Vegetative state

by Karin Böseler

In addition to intensive medical, nursing, physical, occupational, occupational, and neuropsychological care and care, people in coma (or coma or apallic syndrome) require special care and attention. You need intensive interpersonal contact.

Music therapy offers such as singing, buzzing or improvising on musical instruments are a way of conveying security, security, human attention and warmth to people in a coma in close and intensive dialogues. This is particularly important if, besides severe physical and possibly cognitive impairments, those affected have also suffered psychological trauma.

Interpersonal music dialogues with people in a coma are closely linked to deeply rooted and prenatal experiences. They are similar to the close mother-baby dialogue (motherese, babytalk). Music therapy enables people in a coma to open up their inner experience to the outside world based on these experiences.

Music also affects the reward and “pleasure center” in the brain (ventral striatum), similar to a loving look or a loving touch in a relaxed atmosphere. Dr. Andreas Zieger added: "Music has a demonstrable effect on the whole brain: activating and calming on the tonifying structures in the brain stem." Emotions, while the left half takes on the analytical-rational achievements such as melody, timing, rhythm, pitch recognition and positive emotions. "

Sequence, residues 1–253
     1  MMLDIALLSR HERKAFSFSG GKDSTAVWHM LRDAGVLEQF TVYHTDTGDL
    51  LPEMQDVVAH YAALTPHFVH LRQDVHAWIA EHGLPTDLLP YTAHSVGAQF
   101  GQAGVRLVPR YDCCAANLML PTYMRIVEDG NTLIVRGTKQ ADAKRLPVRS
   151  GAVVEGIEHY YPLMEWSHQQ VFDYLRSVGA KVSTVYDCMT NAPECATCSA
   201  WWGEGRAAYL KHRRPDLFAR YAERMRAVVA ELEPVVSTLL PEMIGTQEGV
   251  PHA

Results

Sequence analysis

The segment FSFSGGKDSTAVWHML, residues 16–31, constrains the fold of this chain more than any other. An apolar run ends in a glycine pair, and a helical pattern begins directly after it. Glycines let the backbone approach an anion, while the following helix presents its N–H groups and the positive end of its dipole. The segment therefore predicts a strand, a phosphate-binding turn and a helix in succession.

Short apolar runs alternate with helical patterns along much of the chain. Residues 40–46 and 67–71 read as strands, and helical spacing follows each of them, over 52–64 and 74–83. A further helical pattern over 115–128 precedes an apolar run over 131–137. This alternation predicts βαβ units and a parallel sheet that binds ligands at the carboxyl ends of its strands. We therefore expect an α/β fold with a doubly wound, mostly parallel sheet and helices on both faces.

People in a coma react to musical offers. The music therapist pays attention to the slightest movements such as chewing and smacking movements, eyelid movements, changing the direction of view, fixing the eyes, changing breathing (deep inhalation and exhalation), physical relaxation or tension, turning the head and other body movements. Emotional signs such as a change in facial expressions, smiles or crying also suggest that people in a coma can react to their surroundings and perceive music as a positive and life-friendly, trusting affection.

Music therapy for people in a coma is an important extension of the extensive therapeutic offer, since basic needs of the person are addressed and perceived, emotional experience is changed and expanded and fears such as trauma experiences can be overcome.

Source: Andreas Zieger, music as a mediator of new life. Social sign of hope for people in coma and apallic syndrome. In: Neander, K.-D. (Ed.): Music and care. Munich: Urban & Fischer 1999, pp. 145-164.